Figure7.2.16\(\highlight{y=2^x}\) and \(\highlightr{y=7 \cdot 2^x}\)

As a side note, a process used to determine the power of 2 that results in 7 is discussed in the section about applying the properties of logarithms.

Transformations of type \(g(x)=f(ax), a \gt 0\)

The graph of \(y=f(ax), a \gt 0\) moves the \(x\)-coordinate of every point on \(f\) by the factor of \(\frac{1}{a}\text{.}\) When \(a \gt 1\) the result is a horizontal compression. When \(0 \lt a \lt 1\text{,}\) the result is a horizontal stretch. When algebraically simplified, these type of transformations always result in an exponential function with a different base. For example, consider \(f(x)=2^x\) and \(g(x)=f(3x)\text{.}\)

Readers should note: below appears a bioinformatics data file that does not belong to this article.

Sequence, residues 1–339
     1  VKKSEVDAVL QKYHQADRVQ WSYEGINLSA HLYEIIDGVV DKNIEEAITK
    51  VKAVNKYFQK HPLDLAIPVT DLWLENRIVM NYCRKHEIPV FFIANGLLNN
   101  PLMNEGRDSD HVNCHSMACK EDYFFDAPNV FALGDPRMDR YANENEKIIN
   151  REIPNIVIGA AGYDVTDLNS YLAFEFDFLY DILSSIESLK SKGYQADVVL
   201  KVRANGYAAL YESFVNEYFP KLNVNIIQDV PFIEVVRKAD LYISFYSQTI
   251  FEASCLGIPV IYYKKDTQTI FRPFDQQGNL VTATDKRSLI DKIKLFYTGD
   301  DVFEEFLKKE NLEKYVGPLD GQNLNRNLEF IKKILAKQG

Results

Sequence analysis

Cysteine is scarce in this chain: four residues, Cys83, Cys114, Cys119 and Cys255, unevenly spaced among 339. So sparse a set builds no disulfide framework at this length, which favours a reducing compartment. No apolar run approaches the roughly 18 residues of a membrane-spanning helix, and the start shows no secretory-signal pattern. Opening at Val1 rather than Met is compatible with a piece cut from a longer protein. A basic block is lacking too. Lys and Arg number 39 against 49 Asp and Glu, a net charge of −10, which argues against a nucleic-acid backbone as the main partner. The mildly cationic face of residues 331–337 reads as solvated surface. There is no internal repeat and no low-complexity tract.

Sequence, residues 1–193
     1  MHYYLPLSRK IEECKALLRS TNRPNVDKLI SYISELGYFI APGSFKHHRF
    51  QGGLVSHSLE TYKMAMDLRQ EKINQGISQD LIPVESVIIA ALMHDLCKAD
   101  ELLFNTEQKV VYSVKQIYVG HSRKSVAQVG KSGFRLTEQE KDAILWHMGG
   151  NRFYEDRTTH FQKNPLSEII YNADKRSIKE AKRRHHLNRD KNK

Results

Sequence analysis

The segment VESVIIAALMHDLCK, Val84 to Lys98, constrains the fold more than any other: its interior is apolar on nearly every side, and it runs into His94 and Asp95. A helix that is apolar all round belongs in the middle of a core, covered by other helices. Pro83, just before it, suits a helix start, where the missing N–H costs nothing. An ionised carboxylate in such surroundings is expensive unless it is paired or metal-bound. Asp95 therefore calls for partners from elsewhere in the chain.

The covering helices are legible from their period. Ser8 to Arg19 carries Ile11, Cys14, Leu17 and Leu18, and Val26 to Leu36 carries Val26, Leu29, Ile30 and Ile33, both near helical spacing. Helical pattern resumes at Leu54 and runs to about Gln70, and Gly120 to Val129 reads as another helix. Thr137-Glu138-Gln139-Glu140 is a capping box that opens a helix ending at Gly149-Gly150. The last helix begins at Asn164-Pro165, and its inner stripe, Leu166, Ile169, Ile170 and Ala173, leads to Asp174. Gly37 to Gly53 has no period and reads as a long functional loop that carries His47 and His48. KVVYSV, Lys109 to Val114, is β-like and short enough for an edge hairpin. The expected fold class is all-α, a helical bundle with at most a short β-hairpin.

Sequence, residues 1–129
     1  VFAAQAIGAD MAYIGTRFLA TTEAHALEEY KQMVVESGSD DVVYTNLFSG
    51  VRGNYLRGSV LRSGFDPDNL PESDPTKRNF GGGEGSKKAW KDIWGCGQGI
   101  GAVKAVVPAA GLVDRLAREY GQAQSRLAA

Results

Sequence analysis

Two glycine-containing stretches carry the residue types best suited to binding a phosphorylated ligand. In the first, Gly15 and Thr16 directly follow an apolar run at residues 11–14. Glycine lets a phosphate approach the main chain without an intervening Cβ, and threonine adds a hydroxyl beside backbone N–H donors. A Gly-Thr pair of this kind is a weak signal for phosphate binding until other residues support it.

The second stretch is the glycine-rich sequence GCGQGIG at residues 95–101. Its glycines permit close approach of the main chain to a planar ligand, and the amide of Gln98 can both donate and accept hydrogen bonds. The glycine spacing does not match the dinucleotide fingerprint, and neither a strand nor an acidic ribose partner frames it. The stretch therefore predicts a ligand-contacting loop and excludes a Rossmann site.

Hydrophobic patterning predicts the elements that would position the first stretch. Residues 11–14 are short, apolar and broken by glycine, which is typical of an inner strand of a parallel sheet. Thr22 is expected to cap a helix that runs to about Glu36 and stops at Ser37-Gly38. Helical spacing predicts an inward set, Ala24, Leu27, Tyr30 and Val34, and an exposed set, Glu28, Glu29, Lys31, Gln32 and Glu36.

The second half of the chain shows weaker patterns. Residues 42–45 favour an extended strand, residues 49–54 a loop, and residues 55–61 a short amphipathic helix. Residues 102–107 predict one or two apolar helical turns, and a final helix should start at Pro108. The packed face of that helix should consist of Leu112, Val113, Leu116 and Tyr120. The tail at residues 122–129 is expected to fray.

\begin{align*} g(3x)\amp=2^{3x}\\ \amp=\left(2^3\right)^x\\ \amp=8^x \end{align*}

Graphs of \(y=2^x\) and \(y=8^x\) are shown in FigureĀ 7.2.17. Three pairs of points have been highlight to demonstrate that \(y=8^x\) is indeed a horizontal compression of the function \(y=2^x\) by a factor of \(\frac{1}{3}\) .

\begin{equation*} (12,4096) \rightarrow (4,4096) \end{equation*}
\begin{equation*} (9,512) \rightarrow (3,512) \end{equation*}
\begin{equation*} (6,64) \rightarrow (2,64) \end{equation*}
A graph of the functions \(y=2^x\) and \(y=8^x\text{.}\)  There are three leftward pointing arrows from the function \(y=2^x\) to the function \(y=8^x\text{.}\)  The bottom arrow points from the point \((6,64)\)to the point \((2,64)\text{.}\)  The middle arrow points from the point \((9,512)\)to the point \((3,512)\text{.}\) The top arrow points from the point \((12,4096)\)to the point \((4,4096)\text{.}\)
Figure7.2.17\(\highlight{y=2^x}\) and \(\highlightr{y=8^x}\)